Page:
Windows 8 : Using other management tools remotely (part 2) - Windows PowerShell

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Windows PowerShell

Windows PowerShell is a command shell and scripting language designed to help you achieve all you can from the Windows GUI at the command line. Windows PowerShell is not new in Windows 8, but it is becoming more prevalent within the management of the operating system. You can run cmdlets (pronounced command-lets) to view and manipulate Windows systems all the way down to Windows Management Instrumentation (WMI) configurations or run scripts to accomplish its management tasks in batches. Because Windows PowerShell is object-based, items that it returns can be treated and manipulated as objects for greater flexibility in how actions can be performed when managing systems.

What can Windows PowerShell do for administrators that the GUI cannot?

The GUI can accomplish many things, from modifying user information to adding mailboxes in Exchange. These tasks can also be accomplished from within Windows PowerShell. In many cases, for newer versions of Microsoft technologies, even the tasks performed in the GUI-based Management utility are actually running Windows PowerShell commands behind the scenes. In some cases, certain attributes of an object are not visible within the GUI, so they cannot be managed or accessed this way. However, Windows PowerShell can access additional attributes of these objects and populate them with data, providing administrators with greater access and control within their Windows environments.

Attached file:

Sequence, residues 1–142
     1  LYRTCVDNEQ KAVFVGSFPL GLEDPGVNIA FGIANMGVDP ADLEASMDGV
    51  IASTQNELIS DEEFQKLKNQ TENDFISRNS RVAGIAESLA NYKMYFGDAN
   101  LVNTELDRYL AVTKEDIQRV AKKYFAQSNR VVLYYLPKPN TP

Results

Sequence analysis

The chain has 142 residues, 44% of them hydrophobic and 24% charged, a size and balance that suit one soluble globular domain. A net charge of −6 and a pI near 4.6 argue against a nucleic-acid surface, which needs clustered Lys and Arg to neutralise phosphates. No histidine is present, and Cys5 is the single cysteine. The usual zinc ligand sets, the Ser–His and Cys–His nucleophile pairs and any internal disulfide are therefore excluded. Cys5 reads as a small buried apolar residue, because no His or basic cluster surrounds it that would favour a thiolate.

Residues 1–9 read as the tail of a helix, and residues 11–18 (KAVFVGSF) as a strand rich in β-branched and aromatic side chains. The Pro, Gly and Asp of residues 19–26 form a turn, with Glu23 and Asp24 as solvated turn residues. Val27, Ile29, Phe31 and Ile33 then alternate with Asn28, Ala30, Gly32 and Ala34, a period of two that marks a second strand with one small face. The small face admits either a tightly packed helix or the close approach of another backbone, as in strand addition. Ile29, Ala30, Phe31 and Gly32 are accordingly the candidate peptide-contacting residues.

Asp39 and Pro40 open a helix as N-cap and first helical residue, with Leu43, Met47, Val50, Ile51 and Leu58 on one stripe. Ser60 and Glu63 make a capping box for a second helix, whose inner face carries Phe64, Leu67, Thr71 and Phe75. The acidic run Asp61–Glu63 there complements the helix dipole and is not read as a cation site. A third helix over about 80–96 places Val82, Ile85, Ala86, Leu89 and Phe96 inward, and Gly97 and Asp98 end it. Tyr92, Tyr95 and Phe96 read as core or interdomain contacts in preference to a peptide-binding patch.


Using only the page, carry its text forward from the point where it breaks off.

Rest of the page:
If you want to learn more about Windows PowerShell, there are several good sources for the IT professional, including:

  • Windows PowerShell 2.0 Administrator’s Pocket Consultant by William R. Stanek (Microsoft Press, 2009).

  • Windows PowerShell 2.0 Best Practices by Ed Wilson (Microsoft Press, 2009).

Putting Windows PowerShell to work

The following example illustrates how Windows PowerShell can help you work with items on a certain system and determine which applications are running.

Fred works for Contoso as an IT help desk employee. He has noticed that many help desk calls center on applications just do not seem to start properly; they either present no error or information to the user or they produce a message stating that an instance of the application is already running on the computer. He wants to generate a list of running applications on the user’s computer to see whether he can help the user close previously running applications before trying to start new instances of them.

The next time Fred receives a call about this problem, he opens an Administrator command prompt, types PowerShell.exe, and then runs the following Windows PowerShell commands to see which applications are running:

$computer "computername"Get-Process -computername $computer

This brief use of Windows PowerShell displays all the processes running on the specified computer on Fred’s computer screen. The $computer variable is set to the name of a computer that causes the get-process cmdlet to run on that computer.